At least 100 people were killed in weekend attacks on three villages in central Nigeria, local officials said Sunday.
Scores of residents were also injured when about 40 assailants armed with guns and machetes stormed the villages of Angwan Gata, Chenshyi and Angwan Sankwai, attacking locals in their sleep and torching their homes, said Yakubu Bitiyong, a lawmaker at the Kaduna state parliament.
Some of the victims “were shot and burnt in their homes while others were hacked with machetes,” Bitiyong said.
Kaduna state police spokesman Aminu Lawan confirmed the attacks but refused to give a casualty toll or say who was behind the violence.
Local residents blamed the bloodshed on Muslim Fulani herdsmen, who have been accused of similar raids in the past.
Chenshyi village was the worst affected with at least 50 people killed, said Adamu Marshall, a spokesman for the Southern Kaduna Peoples’ Union, a regional political and cultural body.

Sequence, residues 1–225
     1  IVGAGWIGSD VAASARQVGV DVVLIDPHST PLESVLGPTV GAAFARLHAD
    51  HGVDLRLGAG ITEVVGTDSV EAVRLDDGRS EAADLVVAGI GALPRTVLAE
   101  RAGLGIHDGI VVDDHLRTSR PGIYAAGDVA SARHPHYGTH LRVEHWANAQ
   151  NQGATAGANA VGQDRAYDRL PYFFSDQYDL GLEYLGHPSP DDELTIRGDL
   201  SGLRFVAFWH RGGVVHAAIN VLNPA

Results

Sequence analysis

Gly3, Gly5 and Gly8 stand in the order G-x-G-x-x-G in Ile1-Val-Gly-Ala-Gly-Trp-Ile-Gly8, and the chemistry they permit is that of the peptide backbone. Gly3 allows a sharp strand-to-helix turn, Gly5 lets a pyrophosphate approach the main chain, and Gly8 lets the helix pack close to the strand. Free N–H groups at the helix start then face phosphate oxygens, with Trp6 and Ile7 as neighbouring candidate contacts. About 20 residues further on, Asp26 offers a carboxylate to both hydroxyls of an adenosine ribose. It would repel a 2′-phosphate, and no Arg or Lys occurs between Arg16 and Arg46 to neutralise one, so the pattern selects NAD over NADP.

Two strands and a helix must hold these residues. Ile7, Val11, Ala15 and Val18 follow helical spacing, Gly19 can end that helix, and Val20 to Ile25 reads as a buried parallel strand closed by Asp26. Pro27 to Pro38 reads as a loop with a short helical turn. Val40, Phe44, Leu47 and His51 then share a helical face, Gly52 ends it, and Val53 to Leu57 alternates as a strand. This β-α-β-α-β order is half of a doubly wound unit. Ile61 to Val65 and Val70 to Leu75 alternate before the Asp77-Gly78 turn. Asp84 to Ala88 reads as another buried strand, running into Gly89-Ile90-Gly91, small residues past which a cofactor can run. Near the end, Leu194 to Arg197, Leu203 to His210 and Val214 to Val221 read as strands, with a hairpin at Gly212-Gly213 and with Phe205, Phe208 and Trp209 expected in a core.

Fulani leaders have for years complained about the loss of grazing land which is crucial to their livelihood, with resentment between the herdsmen and their agrarian neighbours rising over the past decade.
Most of the Fulani-linked violence has been concentrated in the religiously divided centre of the country, where rivalries between mostly Muslim herdsmen and mostly Christian farmers have helped fuel the unrest.